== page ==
* China official PMI at 50.2 in Feb, vs 50.5 in Jan
* Both new orders and export orders at 8-month lows
* Reinforces signs of slower economic growth in Q1
By Kevin Yao
BEIJING, March 1 Activity in China's factory
sector slowed to an 8-month low in February, a government survey
showed, reinforcing signs of a modest slowdown in the economy as
The official Purchasing Managers' Index edged down to 50.2
in February from January's 50.5, the National Bureau of
Statistics said on Saturday, just ahead of market expectations
A PMI reading above 50 indicates expanding activity while
one below that level points to a contraction.
A preliminary survey released last week by HSBC and Markit
Economics showed that the factory sector activity hit a
seven-month low of 48.3 from 49.5 in January.
The index for new orders dropped below 50 and employment
reached its lowest point since the global financial crisis.
The new orders sub-index in the official PMI China fell to a
8-month low of 50.5 in February from 50.9 in January and the
sub-index for export orders fell to 48.2 last month, also a
8-month low, from 49.3 in January.
"Judging from market demand and production in some
industries, we expect economic growth to remain steady in the
future," said Zhang Liqun, an economist at the Development
Research Centre, which helps compile the PMI.
"We should fully consider possible risk factors and further
improve macroeconomic policy reserves to help consolidate the
steady trend in economy growth," he said.
The official PMI, which is weighted towards large and
state-owned firms, has usually been rosier than the private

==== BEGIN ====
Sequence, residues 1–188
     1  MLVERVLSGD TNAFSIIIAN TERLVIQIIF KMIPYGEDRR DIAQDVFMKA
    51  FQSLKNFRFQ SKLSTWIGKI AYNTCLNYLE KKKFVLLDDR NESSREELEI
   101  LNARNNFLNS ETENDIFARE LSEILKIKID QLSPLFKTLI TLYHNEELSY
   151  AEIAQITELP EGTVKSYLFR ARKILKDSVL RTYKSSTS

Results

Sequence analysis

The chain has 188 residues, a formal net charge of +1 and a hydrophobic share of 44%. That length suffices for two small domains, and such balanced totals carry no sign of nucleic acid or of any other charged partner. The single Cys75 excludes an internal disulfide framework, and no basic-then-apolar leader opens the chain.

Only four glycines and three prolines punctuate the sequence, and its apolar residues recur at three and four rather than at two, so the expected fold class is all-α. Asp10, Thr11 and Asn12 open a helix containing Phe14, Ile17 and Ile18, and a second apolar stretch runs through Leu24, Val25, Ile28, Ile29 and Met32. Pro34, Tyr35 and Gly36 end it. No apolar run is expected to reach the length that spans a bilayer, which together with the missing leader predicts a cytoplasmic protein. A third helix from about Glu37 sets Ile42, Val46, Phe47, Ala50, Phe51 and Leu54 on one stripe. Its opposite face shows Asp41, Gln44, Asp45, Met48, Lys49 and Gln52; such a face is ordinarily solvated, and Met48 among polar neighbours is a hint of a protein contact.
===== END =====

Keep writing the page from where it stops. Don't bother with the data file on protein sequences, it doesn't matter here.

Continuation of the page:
survey, which covers more smaller and private companies. The
official PMI has stayed above the 50-point level since October
The China report kicks off a round of monthly reports on the
health of the global manufacturing industry, with similar
surveys from the rest of Asia, Europe and the United States
expected on Monday.
CONCERNS OVER US, CHINA
In recent weeks, investors have been more concerned that the
Chinese and U.S. factory sectors are dragging on global
activity, even as European manufacturers enjoyed a solid start
to the year.
Although both the official and HSBC PMI surveys are
seasonally adjusted, some analysts cautioned against reading too
much into last month's data, given the possible impact from the
long Lunar New Year holiday, which began on Jan. 31 and covered
early February. Many plants and offices shut for extended
periods during the festival.
To smooth out seasonal distortions, the statistics bureau is
scheduled to release combined January-February growth figures on
factory output, fixed-asset investment and retail sales in
Despite signs of firmer global demand, a drive by Chinese
regulators to rein in the shadow banking sector could hurt
investment growth, while Beijing's continuing anti-corruption
campaign could hurt consumption, analysts say.
On Monday, the statistics bureau will release the official
services PMI at 0100 GMT, ahead of the final HSBC/Markit PMI due
out at 0145 PMI.
China's annual economic growth slowed to 7.7 percent in the
fourth quarter from 7.8 percent in the previous quarter, and
economists polled by Reuters expected growth to slow further to
7.6 percent in the first quarter of 2014.
In 2013, China's economy grew 7.7 percent, steady from the
previous year and fractionally above market expectations of 7.6
percent, which would have been the slowest since 1999.
Premier Li Keqiang is widely expected to stick with the 7.5
percent economic target for 2014 at the annual parliament
meeting due to open on March 5.